While some browser-based password managers are easy to use, many have limitations or usability issues that can make it challenging to manage your passwords effectively. For example, some password managers only allow you to save a limited number of passwords and may not offer advanced features like the ability to set expiration dates on passwords or assign different permissions based on group membership.

In addition, if you frequently log into your web browser on multiple devices (e.g., smartphones, laptops, tablets), it can be challenging to keep track of which passwords are stored on which device. This can lead to confusion and may inadvertently cause you to use an outdated or insecure password.

5. There Are Better, More Secure Alternatives to Using Your Browser’s Password Manager.

Given the security and usability concerns associated with using your browser’s password manager, it’s generally not worth the risk to use these features. Instead, there are much better, more secure alternatives available.

One popular option is to use a dedicated password manager, like LastPass or 1Password. These password managers offer advanced security features and are much more convenient than browser-based password managers. Additionally, many of them support two-factor authentication and can sync your passwords across multiple devices for ease of use.

Suppose you’re looking for a simple, secure way to manage your passwords. In that case, it’s worth considering switching to a dedicated password manager instead of relying on your browser’s built-in features. With the proper precautions, you can ensure that your passwords are safe and easily accessible whenever you need them.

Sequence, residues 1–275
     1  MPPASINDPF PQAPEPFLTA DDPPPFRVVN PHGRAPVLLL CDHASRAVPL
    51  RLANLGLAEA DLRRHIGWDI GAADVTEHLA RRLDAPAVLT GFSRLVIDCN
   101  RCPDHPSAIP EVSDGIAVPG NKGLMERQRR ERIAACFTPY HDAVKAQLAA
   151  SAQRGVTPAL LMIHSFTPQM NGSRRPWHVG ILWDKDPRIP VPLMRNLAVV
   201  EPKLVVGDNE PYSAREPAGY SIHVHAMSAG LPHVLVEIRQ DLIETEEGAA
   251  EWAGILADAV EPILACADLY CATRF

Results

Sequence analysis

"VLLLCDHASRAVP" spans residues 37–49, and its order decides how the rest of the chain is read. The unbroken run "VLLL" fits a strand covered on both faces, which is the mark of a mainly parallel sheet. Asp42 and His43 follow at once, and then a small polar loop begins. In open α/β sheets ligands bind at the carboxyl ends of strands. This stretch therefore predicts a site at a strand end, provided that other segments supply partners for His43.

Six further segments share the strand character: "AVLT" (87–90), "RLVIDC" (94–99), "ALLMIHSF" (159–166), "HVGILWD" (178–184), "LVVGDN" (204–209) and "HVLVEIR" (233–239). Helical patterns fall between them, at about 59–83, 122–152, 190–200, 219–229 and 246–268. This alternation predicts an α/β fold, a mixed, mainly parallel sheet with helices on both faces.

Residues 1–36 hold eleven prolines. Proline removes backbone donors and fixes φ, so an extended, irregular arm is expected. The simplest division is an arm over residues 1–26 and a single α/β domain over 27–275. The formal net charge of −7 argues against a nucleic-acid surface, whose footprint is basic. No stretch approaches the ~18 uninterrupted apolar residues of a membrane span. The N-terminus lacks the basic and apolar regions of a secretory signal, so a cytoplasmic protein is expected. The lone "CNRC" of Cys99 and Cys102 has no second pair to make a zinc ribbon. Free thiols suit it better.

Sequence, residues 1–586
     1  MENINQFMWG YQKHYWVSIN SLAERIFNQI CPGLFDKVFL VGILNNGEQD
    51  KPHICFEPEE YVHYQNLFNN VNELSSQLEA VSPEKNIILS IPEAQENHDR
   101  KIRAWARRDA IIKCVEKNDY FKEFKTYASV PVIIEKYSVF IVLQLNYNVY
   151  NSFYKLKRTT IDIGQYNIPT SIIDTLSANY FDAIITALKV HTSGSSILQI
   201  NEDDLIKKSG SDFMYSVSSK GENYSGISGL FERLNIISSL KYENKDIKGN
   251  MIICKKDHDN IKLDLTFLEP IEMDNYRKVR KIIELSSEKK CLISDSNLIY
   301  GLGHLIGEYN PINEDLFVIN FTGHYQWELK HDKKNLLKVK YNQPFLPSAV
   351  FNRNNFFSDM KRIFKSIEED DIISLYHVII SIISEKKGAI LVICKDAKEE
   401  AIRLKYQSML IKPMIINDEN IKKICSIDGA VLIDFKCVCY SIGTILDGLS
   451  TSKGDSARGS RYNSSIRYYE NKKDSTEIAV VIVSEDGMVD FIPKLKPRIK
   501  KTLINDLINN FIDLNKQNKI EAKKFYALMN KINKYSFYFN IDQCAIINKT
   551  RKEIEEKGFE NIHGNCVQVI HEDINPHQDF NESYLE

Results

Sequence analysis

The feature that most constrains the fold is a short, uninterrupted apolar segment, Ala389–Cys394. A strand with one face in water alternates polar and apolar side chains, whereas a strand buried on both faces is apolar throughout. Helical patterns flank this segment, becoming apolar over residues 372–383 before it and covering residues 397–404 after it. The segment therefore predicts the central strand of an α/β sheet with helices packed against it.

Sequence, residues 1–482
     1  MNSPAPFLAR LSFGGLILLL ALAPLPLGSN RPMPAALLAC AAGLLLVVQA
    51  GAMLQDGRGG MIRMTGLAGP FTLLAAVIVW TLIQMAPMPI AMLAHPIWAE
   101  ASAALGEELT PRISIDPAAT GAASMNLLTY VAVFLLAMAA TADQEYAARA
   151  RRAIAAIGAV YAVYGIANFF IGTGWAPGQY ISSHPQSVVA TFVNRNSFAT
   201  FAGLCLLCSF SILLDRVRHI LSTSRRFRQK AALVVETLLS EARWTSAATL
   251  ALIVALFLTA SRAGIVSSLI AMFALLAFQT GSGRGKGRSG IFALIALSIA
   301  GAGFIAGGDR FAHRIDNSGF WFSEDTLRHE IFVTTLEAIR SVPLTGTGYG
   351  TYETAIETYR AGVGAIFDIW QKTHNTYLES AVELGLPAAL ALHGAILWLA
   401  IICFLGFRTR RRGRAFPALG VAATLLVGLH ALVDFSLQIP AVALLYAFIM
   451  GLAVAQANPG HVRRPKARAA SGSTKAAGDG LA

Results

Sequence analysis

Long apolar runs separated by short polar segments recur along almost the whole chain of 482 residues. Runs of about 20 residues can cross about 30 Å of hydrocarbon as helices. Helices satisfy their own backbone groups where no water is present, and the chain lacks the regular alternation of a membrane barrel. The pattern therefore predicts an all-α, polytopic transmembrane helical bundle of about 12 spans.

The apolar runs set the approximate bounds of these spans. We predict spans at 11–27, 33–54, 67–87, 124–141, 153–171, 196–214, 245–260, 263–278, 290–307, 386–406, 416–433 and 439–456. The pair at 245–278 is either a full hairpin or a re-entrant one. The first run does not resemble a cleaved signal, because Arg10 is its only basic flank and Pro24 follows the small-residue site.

Microsoft Edge Password Manager Update

A new update to Microsoft Edge is on the way, including a brand-new and enhanced password management option. This will allow you to automatically store all your passwords within your browser, thereby giving you a cost-effective way to avoid password-based cyber-attacks.

However, despite this new protection being more secure than using the same login credentials on numerous apps, we recommend against employing browser-based password managers in your business. 

Why?

Because they’re inflexible and lack authority over you, the boss – notably if a staff member departs.

When you utilise a dedicated password manager, you may instantly revoke access to all of someone’s applications by pressing a button. You also have the option of getting their login information if necessary. You still benefit from secure encryption, but it also works across all devices, including different browsers – making it the perfect solution for businesses of all sizes.

A separate password manager is also more secure, and essential when multiple people use your applications, each with their login details. Without a dedicated tool, you run the risk of one person accidentally exposing your entire network to a security breach.

And as a bonus, your password manager will generate strong random passwords for you; remember them, and auto-complete the login boxes. This is a lot more secure than anything you could come up with on your own, and it takes the burden off of you having to remember to multiply complicated passwords.

This means you’ll have even better protection from brute force attacks, where cybercriminals try to guess your passwords.

If you are yet to invest in a password manager in your business, you’re overlooking an extra layer of data security. Password managers are essential for keeping your business safe from cyber-attacks. There are many password managers available, so make sure to research which one is best for your needs. Once you’ve chosen a password manager, be sure to implement it across all devices and accounts in your business.

There are many well-designed password managers to choose from. Do you want to know which one we suggest right now? Get in touch with us, and we’ll tell you all about it.